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Talking about it: Shari M. talks about her recovery from anorexia

03-01-17 Category: Empowerment, Recovery

Talking about it: Shari M. talks about her recovery from anorexia

Talking about it: Shari M. talks about her recovery from anorexia  The motto of this year’s National Eating Disorder Awareness Week is “It’s Time to Talk About It.” In honor of that credo, Sovereign Health is sharing the stories of eating disorder patients in recovery. Their words provide invaluable insight into the mindset of a person with an eating disorder as well as serve as inspiration to overcome that mindset.

In this article, Shari M. discusses what brought her to develop an eating disorder and how she achieved recovery.

Question: People with an eating disorder (ED) often obsess over food in a love/hate interplay. Many will work in the food industry or play farming and food prep games. They may also cook in large quantities for friends and family without touching the food themselves. Has this ever been true for you? Describe your train of thought and mood when preparing food or playing food apps.

Answer: I was personally deep into the throes of anorexia during my freshman year of college at American University in Washington D.C. during the fall of 2013 and spring of 2014. I’d sit in my dorm for hours on end obsessively watching the Food Network: Chopped, Cutthroat Kitchen, Cupcake Wars… There was something about watching others prepare food I’d never deem to touch that soothed me, and on the other hand, it was a way to consume the food, through the viewing, without actually eating it. I’d look at recipes I’d never make, and food menus as well because all I could think about was food.

When you’re sick, and starving your body, part of the reason you obsess over food so often is because your body is trying to remind you that it needs it in order to survive, and in order to calm those thoughts without giving in, was to read about it or watch it in order to trick your mind and stomach into being quiet.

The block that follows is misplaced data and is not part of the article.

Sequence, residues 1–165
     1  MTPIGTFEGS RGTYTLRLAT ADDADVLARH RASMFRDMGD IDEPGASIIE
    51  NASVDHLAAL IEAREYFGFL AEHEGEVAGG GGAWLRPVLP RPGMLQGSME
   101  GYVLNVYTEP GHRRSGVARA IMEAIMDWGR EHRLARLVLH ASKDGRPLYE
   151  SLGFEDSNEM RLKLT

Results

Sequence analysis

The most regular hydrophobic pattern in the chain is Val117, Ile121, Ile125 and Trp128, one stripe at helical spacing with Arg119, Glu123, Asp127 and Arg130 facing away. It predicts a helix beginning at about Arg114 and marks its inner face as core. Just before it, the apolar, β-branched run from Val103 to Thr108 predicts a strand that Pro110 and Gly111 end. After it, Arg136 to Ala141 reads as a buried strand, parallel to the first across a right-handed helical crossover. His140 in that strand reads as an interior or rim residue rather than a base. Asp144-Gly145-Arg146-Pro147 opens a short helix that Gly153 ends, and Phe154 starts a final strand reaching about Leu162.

Q: If you’ve ever had a time when loved ones brought up ED treatment, or perhaps you awoke in the hospital after a medical emergency related to eating disorder, what were your first frantic thoughts? What were your fears with an outsider “stepping in to help?”

A: I’m lucky enough that I realized something was wrong before it got so bad I ended up hospitalized, and because I was away at school and had isolated myself from my friends, they didn’t realize how bad it was until I told them I was getting help for my eating disorder.

However, when I went to the counseling center at school and was diagnosed, the therapist I saw was adamant that I should go to the Renfrew Center for treatment in Bethesda, even for just outpatient treatment because I started frantically freaking out over the prospect of leaving school. When they said that, even though I had gone in for help, I sat there thinking they were crazy because I wasn’t “sick enough” to go there.

I was afraid people wouldn’t take me seriously as an anorexic, because I didn’t see myself as being good at the disorder; I wasn’t thin enough and I thought everyone there would make fun of me for being so fat. So instead they suggested I find a therapist specialized in eating disorders and the school dietician, but even then I was very resistant, fearing that nobody would believe me because I didn’t believe I fit the bill, when in reality eating disorders are more than your weight, it’s about your disordered mindset in regards to food.

Q: Looking back, what do you recall that instigated a disordered relationship between you and food?

A: I started restricting my intake off and on when I was thirteen, which was when I became consciously aware of my body, in part, because I went from being a girl to a woman and started going through puberty.